They had the book.
It is an old book, not leather-bound, but covered with that stiff, almost cloth-like material that had a crosshatch kind of texture. The pages were yellowed and irregularly trimmed, some of them were loose just tucked in, others had been loose once, but had since been taped or glued into place.
There are five of them.
One is a woman who was the only person in the world who could read the book. She'd been a princess whose father had hired them to bring the book to him. When she'd heard he planned to reward their efforts with a knife in the back, she'd run off to warn them and had, due to time and experience and adventure and multiple reciprocal life savings, become part of the team.
There is a woman with tattoos on her face who'd always been a fighter from a land where fighting was frowned upon, and so joined for the thrill. She stood a good foot and a half taller than the tallest man in the group (and most men on average) and, when the odd drunken or stupid stranger with a death wish made comments, she'd look them over casually and say,
"I've killed people taller than you."
-and the comments would stop.
There is a man who was short-- barely up to the shoulders of most other men-- who had bright red hair, bright green eyes, a beard that looked scruffy even when it was cut short, and a knack for throwing fire. He didn't say where he was from aside from "the mountains," and if the group ever noticed that, sometimes, when he was upset, green scales would appear around the edges of his eyes and on his knuckles, or that occasionally when he slept and dreamt, smoke trickled out of his nostrils and his nails turned to claws, they're too polite to mention.
There is a man who is good with languages, even ones nobody speaks anymore, and is handy with a knife. He used to be a librarian, and though they occasionally make fun of him for it, they still show him respect. He doesn't let them know how grateful he is to be there.
The last is the man who knows things. They don't know how he knows things, but he does. He is old. Not decrepitly so, but old enough that he's got a bit of a stoop, and the top of his head is completely bald. They don't know where he came from or why he's there, but they don't need to know. He's never steered them wrong, and though they're curious, they know a person's past is their own.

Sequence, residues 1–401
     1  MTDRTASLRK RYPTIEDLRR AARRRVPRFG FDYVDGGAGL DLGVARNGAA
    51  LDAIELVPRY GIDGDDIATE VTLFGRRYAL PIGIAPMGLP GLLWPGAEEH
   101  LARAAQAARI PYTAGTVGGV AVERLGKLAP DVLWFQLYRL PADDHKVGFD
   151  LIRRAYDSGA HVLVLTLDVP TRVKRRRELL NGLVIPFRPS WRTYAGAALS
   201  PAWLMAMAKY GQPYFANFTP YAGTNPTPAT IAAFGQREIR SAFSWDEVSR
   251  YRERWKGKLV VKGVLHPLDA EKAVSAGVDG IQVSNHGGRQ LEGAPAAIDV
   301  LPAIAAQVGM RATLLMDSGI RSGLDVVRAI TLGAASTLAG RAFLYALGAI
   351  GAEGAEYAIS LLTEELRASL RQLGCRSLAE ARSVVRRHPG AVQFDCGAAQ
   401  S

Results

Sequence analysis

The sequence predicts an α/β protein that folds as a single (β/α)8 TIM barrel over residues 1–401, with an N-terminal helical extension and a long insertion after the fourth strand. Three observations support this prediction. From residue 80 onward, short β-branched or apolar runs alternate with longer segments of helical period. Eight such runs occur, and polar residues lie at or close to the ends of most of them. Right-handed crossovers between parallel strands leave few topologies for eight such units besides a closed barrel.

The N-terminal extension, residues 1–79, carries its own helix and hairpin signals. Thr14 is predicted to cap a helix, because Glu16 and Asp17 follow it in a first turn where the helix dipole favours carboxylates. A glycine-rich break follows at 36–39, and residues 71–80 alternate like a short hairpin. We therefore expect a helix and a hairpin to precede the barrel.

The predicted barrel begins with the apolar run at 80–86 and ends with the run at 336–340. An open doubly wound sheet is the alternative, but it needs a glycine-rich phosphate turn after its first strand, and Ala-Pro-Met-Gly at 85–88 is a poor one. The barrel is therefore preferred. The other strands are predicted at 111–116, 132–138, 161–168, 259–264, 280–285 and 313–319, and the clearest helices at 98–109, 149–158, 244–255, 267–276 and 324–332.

They walk along a path at the edge of a cliff. Below them is a river lined thickly with green, leafy plants of unknown species. It is a long drop-- a hundred feet if it's an inch, and probably a lot more than that. The cliff and river are an oddity; the land around them is flat, grassy plains, with no mountains in sight. The canyon is narrow and cuts through the land like a wound, and it doesn't seem as though it should have any business being there. The sun shines brightly above, though the air on the plains is cool. The air from the canyon, however, is hot and humid and difficult to breath.
"Like a rainforest," said the man who knows things. "Terrible. It's not the heat, it's the humidity."
Before anyone can answer, a gust of hot wind blows out of the canyon. The ground shakes, and they all stumble. None of them fall, but in the jolt the book slips from the librarian's fingers. It goes tumbling over the edge of the cliff. They can do nothing but watch as it falls and falls and falls down into the canyon below, missing the plants and landing straight into the river.
They cannot lose the book. Even as they watch it hit the water with a barely perceptible splash and then vanish from sight, they know they cannot lose the book.
The fire-thrower is the first one to jump, perhaps, the man who knows things thinks, because he has taken flying leaps like this before once upon a time. The woman with tattoos around her eyes and around her neck jumps after with a scream. It's not a scream of fear, but a wordless scream of "why the hell not?"
The formerly misplaced, but now very well placed, princess follows suit, but her scream is one of fear. The former librarian flops forward, off the side of the cliff.
"You idiots!" shouts the man who knows things. He kicks a nearby rock in impotent frustration, then follows the others off the side.
They all splash into the river.